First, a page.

In a few weeks, Uncle took me to Odessa since school was about to start and I would have to get enrolled.  After all, I’m starting the 8th grade.  Daddy had found a small trailer park almost in down town on Muskingum off of 8th street.  In the trailer beside ours was a girl named Priscilla, she was like my twin.  Our hair was the same, same height; she was a smidgen heavier than me and stood up straighter, but really pretty.  Funny, I never thought of myself as even attractive or pretty in any way.  Priscilla and I were the same age and in the same classes at school.  She had a gorgeous brother a little older; who I believe now was gay.  (In those days they were referred to as queer)  Funny, to me, queer just meant different and gay was to be happy.  Oh well, who am I to question what anyone wants to be known as or called.

After daddy finished the sale, he decided that since I would be going to high school in the not too distant future, Odessa might be a good place to stop traveling.  He went to work selling radio ads for KOYL radio.  Daddy was a good salesman and his commissions were good.  We even got to trade out clothes, gas, and groceries at times for radio ads.  Wow, I got some honest to goodness store bought dresses, etc.

Daddy bought a couple acres outside of town on the Andrews Highway behind a nightclub called the Melody Club.  Our new place had 20 horse stalls that were falling down and an old cinder block house of sorts with no windows or doors in it.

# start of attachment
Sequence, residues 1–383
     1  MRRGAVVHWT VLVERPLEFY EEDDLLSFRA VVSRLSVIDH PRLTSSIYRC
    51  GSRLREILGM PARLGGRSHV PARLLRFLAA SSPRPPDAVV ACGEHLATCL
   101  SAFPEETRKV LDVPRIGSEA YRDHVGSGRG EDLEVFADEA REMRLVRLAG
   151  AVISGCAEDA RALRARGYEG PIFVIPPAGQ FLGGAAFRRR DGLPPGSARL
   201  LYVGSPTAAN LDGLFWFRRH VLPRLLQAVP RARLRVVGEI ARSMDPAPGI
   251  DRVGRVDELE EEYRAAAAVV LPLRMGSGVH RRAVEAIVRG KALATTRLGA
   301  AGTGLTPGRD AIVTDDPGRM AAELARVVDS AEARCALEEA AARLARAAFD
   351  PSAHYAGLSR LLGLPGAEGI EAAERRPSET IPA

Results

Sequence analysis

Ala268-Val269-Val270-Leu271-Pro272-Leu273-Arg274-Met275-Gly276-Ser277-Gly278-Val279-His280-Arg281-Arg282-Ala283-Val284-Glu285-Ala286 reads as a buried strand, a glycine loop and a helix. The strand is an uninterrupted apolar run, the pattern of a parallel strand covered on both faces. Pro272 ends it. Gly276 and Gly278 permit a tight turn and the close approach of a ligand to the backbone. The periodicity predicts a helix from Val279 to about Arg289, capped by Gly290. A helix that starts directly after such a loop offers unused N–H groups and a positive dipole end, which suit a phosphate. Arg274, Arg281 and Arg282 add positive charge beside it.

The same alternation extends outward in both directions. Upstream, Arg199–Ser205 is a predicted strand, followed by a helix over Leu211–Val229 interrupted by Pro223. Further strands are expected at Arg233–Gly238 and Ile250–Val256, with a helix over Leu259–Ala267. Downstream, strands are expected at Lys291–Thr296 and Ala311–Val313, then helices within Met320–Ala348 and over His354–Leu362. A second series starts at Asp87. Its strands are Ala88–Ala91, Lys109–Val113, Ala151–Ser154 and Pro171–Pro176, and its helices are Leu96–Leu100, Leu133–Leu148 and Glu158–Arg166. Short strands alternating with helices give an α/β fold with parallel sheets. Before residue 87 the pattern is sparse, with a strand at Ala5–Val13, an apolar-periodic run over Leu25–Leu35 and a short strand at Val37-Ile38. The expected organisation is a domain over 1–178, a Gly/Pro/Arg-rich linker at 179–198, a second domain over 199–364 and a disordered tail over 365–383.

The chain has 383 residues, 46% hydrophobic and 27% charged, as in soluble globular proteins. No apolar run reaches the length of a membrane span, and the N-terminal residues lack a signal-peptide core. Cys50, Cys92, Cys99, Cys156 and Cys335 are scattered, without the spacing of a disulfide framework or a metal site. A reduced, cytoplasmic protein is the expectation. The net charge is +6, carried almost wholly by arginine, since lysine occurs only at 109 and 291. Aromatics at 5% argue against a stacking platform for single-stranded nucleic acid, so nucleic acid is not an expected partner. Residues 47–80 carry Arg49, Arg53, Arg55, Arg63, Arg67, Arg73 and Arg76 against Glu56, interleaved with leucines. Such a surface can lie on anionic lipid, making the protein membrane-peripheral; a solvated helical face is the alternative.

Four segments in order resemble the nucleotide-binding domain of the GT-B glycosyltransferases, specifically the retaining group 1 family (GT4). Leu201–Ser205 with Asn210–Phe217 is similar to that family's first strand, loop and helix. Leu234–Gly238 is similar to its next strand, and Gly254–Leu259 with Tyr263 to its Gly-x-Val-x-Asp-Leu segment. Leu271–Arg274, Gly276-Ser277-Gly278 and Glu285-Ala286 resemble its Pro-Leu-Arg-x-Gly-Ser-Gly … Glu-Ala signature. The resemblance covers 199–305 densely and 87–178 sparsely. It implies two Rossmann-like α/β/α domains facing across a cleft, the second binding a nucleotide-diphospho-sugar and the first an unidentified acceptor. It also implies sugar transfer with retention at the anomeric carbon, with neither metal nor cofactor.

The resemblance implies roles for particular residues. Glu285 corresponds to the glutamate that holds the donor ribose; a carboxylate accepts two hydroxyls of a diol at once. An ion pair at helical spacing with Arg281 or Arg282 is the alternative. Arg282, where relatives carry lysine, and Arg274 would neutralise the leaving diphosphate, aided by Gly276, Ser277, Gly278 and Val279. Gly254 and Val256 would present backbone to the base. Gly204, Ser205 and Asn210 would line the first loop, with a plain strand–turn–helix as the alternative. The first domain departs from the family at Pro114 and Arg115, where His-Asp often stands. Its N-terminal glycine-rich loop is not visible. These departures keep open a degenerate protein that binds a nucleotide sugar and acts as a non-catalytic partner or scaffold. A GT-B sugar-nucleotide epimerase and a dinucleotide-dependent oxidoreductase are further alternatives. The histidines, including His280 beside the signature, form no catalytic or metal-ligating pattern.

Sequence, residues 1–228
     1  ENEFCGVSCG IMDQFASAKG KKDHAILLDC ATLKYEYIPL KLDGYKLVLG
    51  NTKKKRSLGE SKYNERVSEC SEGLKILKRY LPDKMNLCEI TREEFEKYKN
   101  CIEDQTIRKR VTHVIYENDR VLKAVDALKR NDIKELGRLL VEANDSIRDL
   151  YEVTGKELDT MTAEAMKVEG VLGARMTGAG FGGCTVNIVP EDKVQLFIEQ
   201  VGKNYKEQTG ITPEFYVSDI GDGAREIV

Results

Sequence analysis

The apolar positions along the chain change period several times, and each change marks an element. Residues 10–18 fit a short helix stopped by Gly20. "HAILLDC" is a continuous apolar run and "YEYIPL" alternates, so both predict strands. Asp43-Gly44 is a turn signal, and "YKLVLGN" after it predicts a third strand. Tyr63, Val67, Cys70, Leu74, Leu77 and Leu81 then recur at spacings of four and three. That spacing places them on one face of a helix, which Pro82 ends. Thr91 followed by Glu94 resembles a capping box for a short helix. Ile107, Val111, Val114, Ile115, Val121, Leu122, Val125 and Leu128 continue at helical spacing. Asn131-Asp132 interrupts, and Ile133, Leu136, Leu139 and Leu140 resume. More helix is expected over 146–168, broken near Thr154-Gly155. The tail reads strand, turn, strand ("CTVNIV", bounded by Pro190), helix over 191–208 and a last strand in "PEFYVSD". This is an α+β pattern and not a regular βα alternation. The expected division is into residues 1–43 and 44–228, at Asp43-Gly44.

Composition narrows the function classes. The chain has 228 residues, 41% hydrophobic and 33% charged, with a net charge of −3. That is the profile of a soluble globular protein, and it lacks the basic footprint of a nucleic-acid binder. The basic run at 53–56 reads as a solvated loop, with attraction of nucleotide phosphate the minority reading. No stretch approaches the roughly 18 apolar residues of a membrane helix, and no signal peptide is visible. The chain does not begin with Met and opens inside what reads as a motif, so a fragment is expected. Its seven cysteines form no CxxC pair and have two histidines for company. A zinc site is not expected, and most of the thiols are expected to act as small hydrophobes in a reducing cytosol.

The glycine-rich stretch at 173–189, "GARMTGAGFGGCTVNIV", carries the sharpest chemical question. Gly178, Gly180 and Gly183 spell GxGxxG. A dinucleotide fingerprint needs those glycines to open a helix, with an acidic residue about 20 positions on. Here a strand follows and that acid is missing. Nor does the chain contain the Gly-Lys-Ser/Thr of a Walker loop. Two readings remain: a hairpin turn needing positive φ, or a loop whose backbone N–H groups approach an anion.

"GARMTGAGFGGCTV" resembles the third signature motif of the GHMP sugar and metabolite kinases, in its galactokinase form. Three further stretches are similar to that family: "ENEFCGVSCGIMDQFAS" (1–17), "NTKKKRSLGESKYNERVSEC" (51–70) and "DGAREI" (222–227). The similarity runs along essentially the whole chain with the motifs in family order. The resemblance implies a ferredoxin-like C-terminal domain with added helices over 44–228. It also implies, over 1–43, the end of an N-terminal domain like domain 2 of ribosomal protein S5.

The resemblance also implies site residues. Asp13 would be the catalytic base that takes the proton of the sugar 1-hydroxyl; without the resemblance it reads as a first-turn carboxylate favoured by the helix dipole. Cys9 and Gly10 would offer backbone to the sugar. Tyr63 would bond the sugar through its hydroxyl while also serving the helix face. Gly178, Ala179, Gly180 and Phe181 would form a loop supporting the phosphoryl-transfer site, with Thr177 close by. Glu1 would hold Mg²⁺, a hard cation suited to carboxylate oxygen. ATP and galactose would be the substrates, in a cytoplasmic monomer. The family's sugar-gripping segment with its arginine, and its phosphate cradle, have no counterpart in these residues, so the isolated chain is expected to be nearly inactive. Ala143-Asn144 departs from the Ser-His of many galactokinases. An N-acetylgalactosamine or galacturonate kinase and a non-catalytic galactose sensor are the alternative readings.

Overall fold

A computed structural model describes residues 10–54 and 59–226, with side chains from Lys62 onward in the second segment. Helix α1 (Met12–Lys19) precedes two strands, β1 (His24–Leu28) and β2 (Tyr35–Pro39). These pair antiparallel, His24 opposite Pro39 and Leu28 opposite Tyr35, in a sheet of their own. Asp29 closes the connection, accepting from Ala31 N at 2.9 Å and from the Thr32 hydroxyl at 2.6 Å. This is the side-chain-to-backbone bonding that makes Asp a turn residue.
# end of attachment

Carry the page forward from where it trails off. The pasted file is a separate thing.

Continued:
This place was great. We pulled our trailer out there and daddy built on a living room and a bedroom for me attached to our trailer.  This was my first bedroom without my brothers beside me or under me.  I loved it and I had a closet with at least two skirts, a dress, 3 or 4 blouses and a couple pairs of pants.  I thought I was the richest girl in town and felt sorry for those who had less.  Mom was still making a lot of my clothes, but not so much the boys’ shirts

This place I could finally call home.  People would always ask me where I was from and where did I call home and all I could say was everywhere.  Now I had an answer.  As dusty, windy and dirty Odessa, Texas was, it was now my home.  In the future, if I’m asked about where home is, I might be able to tell them, we’ll see.

My life now will take some big turns and I’ll try to keep you up to date.  I’m really hoping you will give me comments so that I will know someone is reading these blogs.  And Please give me some of your experiences.  I appreciate it.

Until then, I’m RodeHardPutUpWet.

It has occurred to me that this move to Odessa really presented me with a lot of challenges, some good and some bad. Hang in there and let me hear from you.

2 Comment

  1. Great story. Keep on writing you have a great talent. I never really got to know you or your brothers. We all lived so far apart. Maybe saw one another at Christmas or a funeral I do remember the baby that was so
    pretty. I think I have a picture of joe in a cast.